MOHAMMAD RAFI’S DOMINATION IN FILM SINGING AND THE PARTITION OF INDIA By the middle of 1947, Mohamad Rafi had become a household name in Hindi speaking North India . His flexible, sweet and velvety voice suited most young actors including the brilliant rising star Dilip Kumar. Most of the finest music directors, spearheaded by the duo of Pandit Husnalal Bhagatram, were showing interest in grooming his raw talent further into the art of film playback singing. In his ancestral province of Punjab , the communal divide was on the rise. In March of 1947 some five hundred Sikhs and some Hindus were gruesomely murdered in Rawalpindi area, which was not too far away from his ancestral home in Amritsar district and his recent professional home Lahore . Even during those days such gruesome news was difficult to hide. Those ugly news slowly trickled into his new home city of Bombay . Mohammad Rafi had seen excellent communal relations in his ancestral village in rural Amritsar , this barbaric news came as an unbelievable shock to this God fearing and sensitive young-man. By August the matters had taken a turn for the worst in his home province. Entire Lahore division had exploded into communal frenzy of the worst kind. There were massacres of Sikhs and Hindus in Gujjranwala, Sheikhupura, Nankana Sahib, Sialkot , Lahore and Kasur. Soon afterwards, the Sikh frenzy erupted in Amritsar , Gurdaspur and Ferozepore. There was complete anarchy on both sides of the Radcliffe line and all districts of Punjab were engulfed in bitter communal riots. Sardul Kwatra - Amarjit Chandans collection- Date unknown Renowned film producer Roop K. Shori and music director Vinod had arrived in Indian Punjab bereft of all their belongings from Lahore soon after the outbreak of communal riots. On arrival in Bombay , they were narrating many heart rending stories of cold blooded tyranny. The Shoris had not only lost their film studio in Lahore , they lost all their wealth and property. Vinod came to Amritsar in a penniless condition. Vinod had become a good friend of Mohammad Rafi. In a futile attempt to see the return of better days in Lahore , another music director Sardul Singh Kwatra had spent some days after partition in Lahore . He narrated to Mohamad Rafi some first hand accounts of uncontrolled massacres in Lahore and its vicinity. Sardul was very fair-minded in his description of the communal riots. He had seen tyranny on both sides of the communal divide. He narrated “Things were extremely bad in Gujjranwala, Sheikupura, Sialkot and Lahore , but the retribution seen in Amritsar was a lot more horrifying”. Sardul Kwatra, knew Mohammad Rafi since his days in Lahore . Later on Sardul became a collection agent and business representative of Mohammad Rafi. Mohammad Rafi had all along been a God fearing and righteous gentleman. He always bowed before the will of the most benevolent “Khuda”. At every available opportunity, he lent his sweet silken voice to every song composed for fostering communal harmony and brotherhood amongst the Hindus, Sikhs and the Muslims in all parts of India . Pandit Husnalal Bhagatram had composed several tunes for the lyrics penned to depict the horrors of the partition and the resultant bloodbath. One such song was “Is dil ke tukde hazaaar huye, koi yahan gira koi wahan gira, behte huye aansoo ruk na sake koi yahan gira koi wahan gira”. The literal meaning of this is that a heart was broken into thousands of pieces and the pieces were scattered all over the place, some here and some there. A truly hurt Mohammad Rafi gave his emotion filled voice to this song. This song became an instant hit on both sides of the border. The sad assassination of Mahatma Gandhi was also caused as a result of the bitterness generated between the Hindus and Muslims. Pandit Husnalal Bhagatram composed an emotional tune for a song describing the life story of Mahatma Gandhi. The wording was “Suno suno aye duniya walo baapu ki yeh amar kahani”. This song also became very popular in Northern India . From early 1948 Pandit Husnalal decided to groom two young voices for the film industry. Mohammad Rafi was his choice among the male singers and Lahore born actress singer Suraiya was his choice as a female singer. Pandit Husnalal used to call Mohammad Rafi, sometimes as early as at 4am , to his home along with his Tanpura. He used to give lessons in different “Raagas” and asked him to rehearse those “Raagas” in “Khayal” format. This basic training in classical music continued for several years and it went on to make Mohammad Rafi a high-class versatile singer. It was difficult for a young beautiful lady like Suraiya to come to a music director’s place at odd hours to learn the basics of music. So Suraiya unfortunately did not learn classical music, but she was very persevering on light music and she always rehearsed her assignments in the studios to perfection. . By late 1948 Lata Mangeshkar came in contact with Pandit Husnalal. She was a very versatile singer. Her grasp and learning ability of classical music was very quick. Pandit Husnalal discovered that training of Lata Mangeshkar could be a lot more rewarding. So he slowly started preferring Lata Mangeshkar over a more emotional and sorrow filled voice of Suraiya. As far as the male artists were concerned, Mohammad Rafi has always been Pandit Huisnalal’s first preference. A lot of times, on the specific recommendations of the top lyricists of the day, Pandit Husnalal Bhagatram gave the best “Ghazals” to Talat Mahmood to render in his unmatched linguistic sophistication. Most of the “Ghazals” sung by Talat Mahmood also became very popular. Mohammad Rafi never entertained any jealousies with any singer whatsoever. He invariably admired Mukesh, Manna Dey, Talat Mahmood and Hemant Kumar for the uniqueness of their voices. Music Director Vinod Mother language is a great bond that binds human-beings. This was more true In the case of Mohammad Rafi. His first ever film song was composed by a Punjabi music director Shyam Sunder and his first nationwide film hit was composed by another Punjabi music director Feroze Nizami. Since 1948, in Bombay , his voice was initially used by Punjabi music directors such as Master Ghulam Haider, Pandit Husnalal Bhagatram, Vinod, Shyam Sunder, Allah Rakha Quraishi, Hans Raj Behl, S. Mohinder and Sardul Kwatra. After his songs became hits regularly, most other music directors including Naushad also started patronizing him. Master Ghulam Haider’s brilliant tune composed for film “Shaheed”, rendered by Mohammad Rafi for the patriotic song “Watan ki raah mein watan ke naujwan shaheed ho”, which became the signature tune for the movie, became overnight a nationwide hit. Even now on India ’s national days such as the independence- day and the republic day, this particular song is proudly played by All India Radio. Maverick music director Shyam Sunder’s tunes rendered by Mohammad Rafi for film “Bazaar” (1949) including a duet with Lata Mangeshkar entitled “Apni nazar se door voh, unki nazar se door hum, tum hi batao kya Karen, majboor tum majboor hum” caught the imagination of entire Hindi knowing India. Allah Rakha Qureishi used Mohammad Rafi’s and Surinder Kaurs’s voices in film “Sabak” with a fairly good response from the public. Vinod’s music for his 1949 film “Ek thi ladki” was a super-hit. Most of its songs were rendered by Lata Mangeshkar, but the Lata Rafi duet “Khamosh nigahein” reserved a proud place on the popularity charts. Hans Raj Behl’s song “Jugg wala mela yaaro thohri der daa, hassdiyan raat langhe pata nahin saver da” rendered by Mohammad Rafi for his Punjabi block-buster film “Lachhi” (1949) had appeal which transcended the boundaries of Punjab . On popular demand the same tune was used later on for a Hindi song too. Mohammad Rafi’s Punjabi duet with Lata Mangeshkar entitled “Kaali kanghi naal kale waal payi vaahuniyan, aa mil dhol janiyan” for film “Lachhi” also created waves among the lovers of Punjabi music in Northern India . Sardul Singh Kwatra composed soul inspiring music for a humorous Punjabi film “Posti”. Its music was recorded in 1949, but the film was released in 1950. One of its masterpiece duet songs rendered by Mohammad Rafi with debutant playback singer Asha Bhonsle entitled “Too peengh te mein parchhawan, tere naal hulare khawan, laalay dosti”, achieved a lot of popularity in Punjabi knowing India. Mohammad Rafi’s utmost devotion to his profession and hard work under the music direction of Pandit Husnalal Bhagatram paid great dividends and he became India ’s leading duet singer in the company of Lata Mangeshkar. Some of his pre-1950 duets with Lata Mangeshkar are acclaimed as some of the finest in the history of film singing. I shall mention two of these. One was “Khushi kaa zamaaana gaya rone se ab kaam hai, pyaar jiskaa naam tha judayi uska naam hai” recorded for film “Chhoti Bhabi”, based on an old Punjabi folk tune, was the personal favourite of music director Sardul Kwatra. Sardul even used this tune for one of his later songs in Punjabi. Another Husnalal Bhagatram masterpiece duet was “Paas aake huye hum door, yehi tha qismat kaa dastoor” recorded for film “Meena Bazaar”, it became Mohammad Rafi’s favourite song. This film did not do too well in the cinema halls, but its music became the proud possession of the most discriminating collectors of music including Allahdad Khan of Peshawar . After 1950 most of the great music directors of India considered Mohammad Rafi a force in film music. When Naushad composed his masterly tunes for films like “Dulari” (1949) and “Deedar” (1951), Mohammad Rafi became the star that no one could afford to ignore. Film “Deedar” song entitled “Huye hum jin ke liye barbad” became an all time hit. Later on his high pitched numbers sung for films “Amar” and “Baiju Bawra” put him up at a very high pedestal. Mohammad Rafi was honest to the core, never greedy and success did not make him arrogant. When, after initial setbacks, O.P. Nayyar, as a music director, attained a place of prominence in the film world in 1953, Mohammad Rafi became his first choice as a male singer and the duets sung by Mohammad Rafi with Asha Bhansale as well as with Shamshad Begum became extraordinarily popular. Mohammad Rafi never charged a penny from music director Sardul Singh Kwatra for any song rendered on Sardul’s music. He did the same favour for several years to most of the music directors, who migrated from what is now Pakistan . He also helped a fellow Amritsari singer Mohinder Kapoor in becoming a playback singer. In his religious life Mohammad Rafi was always a true five-time “Namazi” and a strict “Momen”. But in his professional life he has been a liberal secularist. He visited the “Gurdwaras” like a Sikh used to during his younger days. Even while living in Bombay he visited the “Gurdwaras” on special festive occasions and during the visits to Bombay of iconic Sikh “Raagis” like Bhai Santa Singh ji and Bhai Samund Singh ji. He missed no opportunity to visit Bombay ’s famous annual Baisakhi Mela. Throughout his singing career Mohammad Rafi sang several memorable “Naats”, but he lent his voice equally well to extremely soulful “Bhajans” (on the tunes composed by icons like Naushad) and some melodious “Shabads” (on the tunes mostly composed by music director S. Mohinder). What Mohammad Rafi did and achieved after 1952-53 has been recorded by several other historians and writers on film music and I shall not dwell on that period. My desire was to unfold his impressionist younger years and the years of his grim struggle to reach the pinnacle of success. My head will always bow in admiration before Mohammad Rafi the Great. May his soul, rest in piece for ever in his heavenly abode. Such pious individuals are rarely born on this earth.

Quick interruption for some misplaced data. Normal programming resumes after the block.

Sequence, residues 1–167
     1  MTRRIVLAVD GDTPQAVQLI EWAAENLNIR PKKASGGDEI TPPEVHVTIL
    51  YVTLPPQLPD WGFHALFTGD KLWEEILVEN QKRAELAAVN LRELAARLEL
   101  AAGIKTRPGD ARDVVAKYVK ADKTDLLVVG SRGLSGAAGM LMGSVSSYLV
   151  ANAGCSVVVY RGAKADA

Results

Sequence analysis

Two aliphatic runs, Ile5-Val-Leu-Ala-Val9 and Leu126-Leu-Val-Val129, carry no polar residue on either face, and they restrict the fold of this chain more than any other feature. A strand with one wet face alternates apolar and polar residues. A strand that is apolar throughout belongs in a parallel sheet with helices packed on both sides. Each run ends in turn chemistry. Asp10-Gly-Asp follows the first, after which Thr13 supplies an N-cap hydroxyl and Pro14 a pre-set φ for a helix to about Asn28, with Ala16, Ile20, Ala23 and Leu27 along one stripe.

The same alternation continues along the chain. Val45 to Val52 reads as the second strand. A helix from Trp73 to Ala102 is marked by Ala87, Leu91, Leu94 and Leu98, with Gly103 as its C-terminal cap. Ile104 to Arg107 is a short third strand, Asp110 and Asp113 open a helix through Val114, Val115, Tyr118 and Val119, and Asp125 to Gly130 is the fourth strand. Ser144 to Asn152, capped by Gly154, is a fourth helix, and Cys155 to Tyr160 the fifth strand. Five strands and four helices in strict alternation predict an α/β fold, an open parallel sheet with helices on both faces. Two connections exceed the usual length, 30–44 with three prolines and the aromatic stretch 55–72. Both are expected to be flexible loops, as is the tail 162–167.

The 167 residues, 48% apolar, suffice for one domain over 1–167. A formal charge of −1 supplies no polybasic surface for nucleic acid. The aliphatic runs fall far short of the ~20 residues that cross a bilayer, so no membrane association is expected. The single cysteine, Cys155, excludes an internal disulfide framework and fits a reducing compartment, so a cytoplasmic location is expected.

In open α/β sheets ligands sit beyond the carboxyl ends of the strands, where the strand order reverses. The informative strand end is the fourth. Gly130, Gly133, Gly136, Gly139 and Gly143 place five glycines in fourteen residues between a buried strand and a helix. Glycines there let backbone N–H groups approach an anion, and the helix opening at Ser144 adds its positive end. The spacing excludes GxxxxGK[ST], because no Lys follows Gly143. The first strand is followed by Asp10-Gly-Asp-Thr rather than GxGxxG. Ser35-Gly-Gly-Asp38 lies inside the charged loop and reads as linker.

Posted on: Wed, 13 Nov 2013 10:44:57 +0000